Hanging on to stuff can cost your more than money
One positive outcome of the quarantine that I’ve heard clients share is that they used their at-home time to clean out basements, closets, and garages. These overdue chores resulted in higher levels of satisfaction during an otherwise trying time.
While I don’t have scientific evidence that shows improved well-being as a direct result of reducing clutter, my clients who undertook this activity during the shutdown related feeling more in control, calmer, and an improved sense of accomplishment. Another advantage of shedding unused and no longer needed items: cost savings.
Using valuable square footage in your home or garage to store and extra 20 years’ worth of stuff means a loss of usable square footage. That space can be converted to a higher value use such as for entertainment or storage of still used items that may be filling up your counters and otherwise cluttering your family’s living environment.
Storage units in the greater Racine area range in price from around $30 to more than $100 per month depending on the size of the unit. Some use these units for “overflow” of stuff and some report even forgetting what is stored in them.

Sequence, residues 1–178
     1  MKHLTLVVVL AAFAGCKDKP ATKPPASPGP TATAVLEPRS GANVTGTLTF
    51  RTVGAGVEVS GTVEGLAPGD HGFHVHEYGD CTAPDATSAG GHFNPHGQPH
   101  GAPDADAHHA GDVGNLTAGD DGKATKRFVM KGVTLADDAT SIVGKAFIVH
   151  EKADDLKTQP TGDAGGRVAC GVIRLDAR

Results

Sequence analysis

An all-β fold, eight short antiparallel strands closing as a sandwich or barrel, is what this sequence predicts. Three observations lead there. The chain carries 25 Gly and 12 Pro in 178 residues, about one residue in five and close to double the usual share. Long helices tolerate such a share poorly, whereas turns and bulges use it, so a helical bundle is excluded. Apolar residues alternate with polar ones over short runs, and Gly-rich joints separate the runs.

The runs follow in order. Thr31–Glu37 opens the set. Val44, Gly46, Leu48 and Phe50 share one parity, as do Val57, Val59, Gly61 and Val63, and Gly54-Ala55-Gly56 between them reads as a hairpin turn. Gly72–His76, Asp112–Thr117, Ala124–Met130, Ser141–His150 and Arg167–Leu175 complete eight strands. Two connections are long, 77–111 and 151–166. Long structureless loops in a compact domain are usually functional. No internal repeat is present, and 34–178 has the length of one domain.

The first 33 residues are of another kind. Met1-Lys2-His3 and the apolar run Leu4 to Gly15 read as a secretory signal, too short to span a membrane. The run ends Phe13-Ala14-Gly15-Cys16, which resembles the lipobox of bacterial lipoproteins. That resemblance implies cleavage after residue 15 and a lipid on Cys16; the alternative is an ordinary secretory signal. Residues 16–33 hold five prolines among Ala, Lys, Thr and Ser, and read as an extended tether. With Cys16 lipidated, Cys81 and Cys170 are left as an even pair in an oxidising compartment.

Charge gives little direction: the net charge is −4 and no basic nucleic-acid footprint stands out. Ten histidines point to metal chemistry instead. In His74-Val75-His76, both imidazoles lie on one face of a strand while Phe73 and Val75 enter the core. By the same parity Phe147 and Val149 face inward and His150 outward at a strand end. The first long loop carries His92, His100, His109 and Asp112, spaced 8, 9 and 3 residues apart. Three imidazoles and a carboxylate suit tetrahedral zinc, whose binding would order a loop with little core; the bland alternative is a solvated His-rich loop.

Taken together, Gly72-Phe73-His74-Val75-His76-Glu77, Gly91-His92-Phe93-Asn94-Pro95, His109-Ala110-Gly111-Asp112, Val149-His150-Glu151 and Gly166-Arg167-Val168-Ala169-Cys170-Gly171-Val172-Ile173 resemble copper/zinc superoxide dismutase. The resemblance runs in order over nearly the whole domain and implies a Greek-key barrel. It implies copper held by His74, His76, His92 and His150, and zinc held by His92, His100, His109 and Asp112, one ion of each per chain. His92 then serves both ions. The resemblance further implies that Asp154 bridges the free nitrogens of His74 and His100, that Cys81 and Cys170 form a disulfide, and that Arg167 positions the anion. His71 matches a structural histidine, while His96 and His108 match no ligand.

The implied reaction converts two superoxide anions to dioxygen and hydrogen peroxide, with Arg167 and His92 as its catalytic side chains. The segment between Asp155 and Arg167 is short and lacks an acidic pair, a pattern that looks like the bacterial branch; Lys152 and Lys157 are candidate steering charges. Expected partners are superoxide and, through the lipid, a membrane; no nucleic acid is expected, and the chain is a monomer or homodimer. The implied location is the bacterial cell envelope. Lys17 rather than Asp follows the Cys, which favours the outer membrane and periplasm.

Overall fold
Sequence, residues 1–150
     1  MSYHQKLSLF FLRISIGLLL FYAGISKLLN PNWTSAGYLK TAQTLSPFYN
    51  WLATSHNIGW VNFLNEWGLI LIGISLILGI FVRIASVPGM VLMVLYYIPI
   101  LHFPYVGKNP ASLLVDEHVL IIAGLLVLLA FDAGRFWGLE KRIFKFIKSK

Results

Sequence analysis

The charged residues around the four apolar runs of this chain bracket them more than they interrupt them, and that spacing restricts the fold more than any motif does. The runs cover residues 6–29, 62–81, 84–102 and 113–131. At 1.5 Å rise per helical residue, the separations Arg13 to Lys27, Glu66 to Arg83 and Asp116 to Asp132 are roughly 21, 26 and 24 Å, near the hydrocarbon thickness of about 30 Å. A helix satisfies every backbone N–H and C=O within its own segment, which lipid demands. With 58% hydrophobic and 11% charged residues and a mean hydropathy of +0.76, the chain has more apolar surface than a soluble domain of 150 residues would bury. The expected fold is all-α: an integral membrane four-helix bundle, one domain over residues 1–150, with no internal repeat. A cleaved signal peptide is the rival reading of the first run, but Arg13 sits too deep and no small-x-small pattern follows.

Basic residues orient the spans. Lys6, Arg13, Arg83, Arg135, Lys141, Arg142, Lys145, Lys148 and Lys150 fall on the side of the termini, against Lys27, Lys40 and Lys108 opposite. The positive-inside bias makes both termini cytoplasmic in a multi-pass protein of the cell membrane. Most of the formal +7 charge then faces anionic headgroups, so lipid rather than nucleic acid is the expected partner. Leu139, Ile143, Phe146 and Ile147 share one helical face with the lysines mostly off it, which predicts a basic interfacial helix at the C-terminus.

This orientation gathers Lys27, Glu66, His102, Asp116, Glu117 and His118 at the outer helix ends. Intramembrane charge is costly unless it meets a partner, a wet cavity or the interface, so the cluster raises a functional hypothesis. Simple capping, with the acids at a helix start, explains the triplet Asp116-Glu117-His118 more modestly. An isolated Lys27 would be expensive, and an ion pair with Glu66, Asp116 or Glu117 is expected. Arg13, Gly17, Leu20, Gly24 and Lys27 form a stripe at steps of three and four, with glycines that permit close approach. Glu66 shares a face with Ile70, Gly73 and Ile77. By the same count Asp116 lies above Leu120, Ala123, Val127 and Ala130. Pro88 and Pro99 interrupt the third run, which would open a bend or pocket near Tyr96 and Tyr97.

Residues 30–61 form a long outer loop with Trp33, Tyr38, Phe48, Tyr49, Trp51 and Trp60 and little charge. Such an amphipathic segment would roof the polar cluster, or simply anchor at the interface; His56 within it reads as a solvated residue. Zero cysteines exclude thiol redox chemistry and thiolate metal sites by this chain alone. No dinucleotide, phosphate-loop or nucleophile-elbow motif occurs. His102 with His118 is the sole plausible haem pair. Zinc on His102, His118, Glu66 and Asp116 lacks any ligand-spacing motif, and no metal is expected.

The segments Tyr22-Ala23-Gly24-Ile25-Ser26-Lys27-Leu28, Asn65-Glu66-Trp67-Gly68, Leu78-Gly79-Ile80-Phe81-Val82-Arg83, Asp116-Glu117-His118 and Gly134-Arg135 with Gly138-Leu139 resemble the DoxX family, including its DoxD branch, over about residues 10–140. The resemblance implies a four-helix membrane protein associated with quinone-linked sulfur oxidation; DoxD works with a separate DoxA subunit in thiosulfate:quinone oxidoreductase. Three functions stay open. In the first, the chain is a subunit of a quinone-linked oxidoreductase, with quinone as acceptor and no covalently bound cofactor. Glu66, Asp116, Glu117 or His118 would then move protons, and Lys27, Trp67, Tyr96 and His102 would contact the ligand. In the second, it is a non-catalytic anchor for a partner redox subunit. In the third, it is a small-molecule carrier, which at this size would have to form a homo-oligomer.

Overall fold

Unneeded or no longer used items can be donated to a local charity such as Goodwill or the Salvation Army. A professional organizer once told me, “it may have served its useful life to you, but someone else may still have need of it.” I hold this thought in mind as my wife and I sort through our own tucked away stash of long since forgotten stuff. If you itemize, you may be eligible to take a tax deduction for your donations to qualifying organizations.
Many people report holding on to items because they may be needed at some point. Likely, they won’t be. Some want to pass along non-sentimental or non-heirloom things to their grown children who often accept them out of courtesy rather than out of need. The tip here is to involve the children in helping to select the things they might want or asking them in advance “would you like this bread maker I’ve had in the basement for ten years?” You can predict the likely answer to that one!
Left to the extreme, some people transcend hanging on to things and develop a hoarding obsession. Hoarding is listed in the Diagnostic and Statistical Manual of Mental Disorders (DSM-5). It’s considered an obsessive-compulsive disorder in which a person has a “persistent difficulty discarding or parting with possessions, regardless of their actual value.” The implications of hoarding, in addition to the mental well-being of the person suffering from the disorder, can convert to strain on the family’s financial resources as professional intervention is often required.